The Agri Post
Jump Start Winter Wheat By Les Kletke Producers who want to give their winter wheat a jump-start this fall may want to consider a treatment that contains phosphate and zinc. Brian Elgert who is a Territory Manager in Manitoba for Omex Agriculture Inc. with 25 years experience, a B.Sc. in Agriculture Soil Services, an MBA in agribusiness and a Certified Crop Adviser said that this treatment has proven itself on spring wheat but he is cautious to recommend it on fall-seeded crops. “I don’t want to leave fellows with the idea that a seed treatment will allow them to seed later in the fall. They still have to follow good agronomic practices and the dates required by crop insurance but zinc does give the plant a boost in establishing the root system,” said Elgert. Elgert said that significant work has been done that show the benefits of zinc on spring seeded crops when the seed goes into cold soil, and there is no reason to
believe that the product would not have the same impact when placed with seed going into warm ground in the fall. “The key to establishing a winter wheat crop is the root system,” said Elgert. “If the seed gets that initial boost of zinc and establishes a good healthy crown root it should be better able to withstand the stress of winter.” Much of the provinces winter wheat crop west of the Pembina escarpment did not survive the winter and was turned down in the spring. Some producers in the Red River Valley had borderline stands, Gord Snarr at Morris said that he was in the worst possible situation, “with a stand just good enough to leave but too patchy to provide a good yield.” A borderline crop may well have benefited from a larger more established root system that would have carried it through the winter. Elgert said that the late spring and resultant late canola harvest might result in reduced acres of winter wheat this year.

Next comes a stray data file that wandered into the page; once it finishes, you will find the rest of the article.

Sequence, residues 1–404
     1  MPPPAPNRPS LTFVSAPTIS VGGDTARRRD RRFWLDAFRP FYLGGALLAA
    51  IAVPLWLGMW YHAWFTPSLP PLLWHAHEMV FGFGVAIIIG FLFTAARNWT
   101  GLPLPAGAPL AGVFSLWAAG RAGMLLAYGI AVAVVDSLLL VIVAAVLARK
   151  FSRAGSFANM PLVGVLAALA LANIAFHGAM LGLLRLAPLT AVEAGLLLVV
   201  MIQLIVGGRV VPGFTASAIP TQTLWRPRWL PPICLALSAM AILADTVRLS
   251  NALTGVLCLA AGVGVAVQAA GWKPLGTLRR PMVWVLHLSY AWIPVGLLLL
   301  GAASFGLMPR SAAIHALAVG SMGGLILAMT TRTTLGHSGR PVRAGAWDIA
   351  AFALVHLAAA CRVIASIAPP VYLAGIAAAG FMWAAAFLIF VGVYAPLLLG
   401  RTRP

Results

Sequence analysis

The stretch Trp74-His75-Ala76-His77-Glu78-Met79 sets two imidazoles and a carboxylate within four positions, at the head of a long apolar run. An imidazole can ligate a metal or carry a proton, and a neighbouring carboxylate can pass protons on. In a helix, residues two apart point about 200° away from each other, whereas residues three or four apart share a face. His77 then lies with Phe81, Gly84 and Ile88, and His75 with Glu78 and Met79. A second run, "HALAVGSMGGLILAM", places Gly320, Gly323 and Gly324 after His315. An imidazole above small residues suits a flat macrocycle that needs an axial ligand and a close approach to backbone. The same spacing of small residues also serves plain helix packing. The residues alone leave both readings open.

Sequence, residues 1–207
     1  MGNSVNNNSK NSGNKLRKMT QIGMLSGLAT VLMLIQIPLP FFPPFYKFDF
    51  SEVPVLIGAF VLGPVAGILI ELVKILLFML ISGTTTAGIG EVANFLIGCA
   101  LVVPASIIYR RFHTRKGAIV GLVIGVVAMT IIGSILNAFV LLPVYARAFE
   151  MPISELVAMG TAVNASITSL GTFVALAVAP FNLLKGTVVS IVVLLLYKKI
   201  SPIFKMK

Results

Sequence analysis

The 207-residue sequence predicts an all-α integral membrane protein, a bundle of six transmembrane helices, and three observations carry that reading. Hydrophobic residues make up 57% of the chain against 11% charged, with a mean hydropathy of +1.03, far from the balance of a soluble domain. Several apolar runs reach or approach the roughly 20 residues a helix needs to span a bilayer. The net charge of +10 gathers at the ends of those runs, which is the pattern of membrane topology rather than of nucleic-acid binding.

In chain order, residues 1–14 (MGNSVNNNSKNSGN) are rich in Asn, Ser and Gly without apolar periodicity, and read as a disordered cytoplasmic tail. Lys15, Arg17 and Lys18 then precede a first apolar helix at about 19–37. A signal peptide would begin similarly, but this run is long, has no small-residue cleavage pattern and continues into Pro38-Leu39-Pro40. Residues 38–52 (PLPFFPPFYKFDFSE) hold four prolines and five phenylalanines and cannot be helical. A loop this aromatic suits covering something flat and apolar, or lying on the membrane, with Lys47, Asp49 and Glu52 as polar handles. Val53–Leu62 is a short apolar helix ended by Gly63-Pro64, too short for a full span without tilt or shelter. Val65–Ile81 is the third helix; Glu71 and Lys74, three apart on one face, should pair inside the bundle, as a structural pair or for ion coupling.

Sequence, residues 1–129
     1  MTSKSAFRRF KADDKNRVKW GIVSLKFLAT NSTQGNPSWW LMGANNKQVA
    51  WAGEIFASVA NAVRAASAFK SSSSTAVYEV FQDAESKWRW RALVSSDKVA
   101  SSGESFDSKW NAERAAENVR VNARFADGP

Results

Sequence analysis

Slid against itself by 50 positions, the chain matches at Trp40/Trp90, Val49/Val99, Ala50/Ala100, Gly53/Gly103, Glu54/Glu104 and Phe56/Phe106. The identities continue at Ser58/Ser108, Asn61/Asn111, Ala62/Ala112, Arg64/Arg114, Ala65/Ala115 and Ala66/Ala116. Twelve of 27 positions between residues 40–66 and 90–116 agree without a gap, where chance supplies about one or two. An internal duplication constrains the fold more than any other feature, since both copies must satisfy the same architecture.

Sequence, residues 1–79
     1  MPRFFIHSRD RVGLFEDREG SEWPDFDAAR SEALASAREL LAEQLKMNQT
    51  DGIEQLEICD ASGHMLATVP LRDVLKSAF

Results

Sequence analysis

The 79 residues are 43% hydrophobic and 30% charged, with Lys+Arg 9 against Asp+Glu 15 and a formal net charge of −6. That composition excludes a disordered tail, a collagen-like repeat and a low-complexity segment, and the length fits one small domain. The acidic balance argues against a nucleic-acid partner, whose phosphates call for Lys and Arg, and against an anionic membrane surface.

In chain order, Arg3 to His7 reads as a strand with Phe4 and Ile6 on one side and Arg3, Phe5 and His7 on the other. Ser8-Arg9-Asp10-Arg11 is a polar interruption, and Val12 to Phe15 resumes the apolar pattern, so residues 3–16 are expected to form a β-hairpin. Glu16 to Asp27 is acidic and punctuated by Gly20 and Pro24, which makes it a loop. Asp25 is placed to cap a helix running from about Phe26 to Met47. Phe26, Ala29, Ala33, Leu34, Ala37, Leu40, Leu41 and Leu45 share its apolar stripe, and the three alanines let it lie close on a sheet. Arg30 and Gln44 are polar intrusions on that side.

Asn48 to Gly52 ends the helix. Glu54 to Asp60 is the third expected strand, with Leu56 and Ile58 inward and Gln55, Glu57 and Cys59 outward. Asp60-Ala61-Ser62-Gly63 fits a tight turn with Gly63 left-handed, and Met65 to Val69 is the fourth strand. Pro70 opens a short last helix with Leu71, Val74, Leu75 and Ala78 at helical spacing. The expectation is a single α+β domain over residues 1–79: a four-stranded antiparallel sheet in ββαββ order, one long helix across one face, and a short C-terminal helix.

“Producers tend to put their winter wheat on canola stubble and with the crop being late this year they may not want to take the time to plant a crop when the rest of their crop is ready to harvest,” said Elgert. He is looking for producers who would like to be involved with a field scale trial and treating a portion of their seed with the zinc coating. Elgert said the amount of zinc and phosphate is not intended to replace a regular nutrient program but rather to give the plant an initial boost as it absorbs moisture for germination and the early stages of root development. “We know that even with banding the phosphate to the side and below the seed row there are some concerns,” he said. “So a small amount placed directly around the seed just allows the plant to get off to a better start.” Omex Agriculture Inc. (Canada) has been serving Canadian farmers since 1998. In the fall of 2006, Omex International Ltd. head-
quartered in England, opened their first suspension fertilizer manufacturing plant in Canada located in Manitoba to serve both the western and eastern Canadian markets, as well as the northern United States. The company offers a range of products, many of which are tailor-made to meet specific crop requirements, develops, and produces liquid fertilizers using advanced gel rheology, for soil and foliar application, which are sold in over 50 countries worldwide.
Abdelebasset El Hadrami is the research director with Omex Canada. He advocates a boost of nutrients to get the plant established. Omex is looking for farmers to conduct field trials of nutrient treatment on winter wheat. Photo by Les Kletke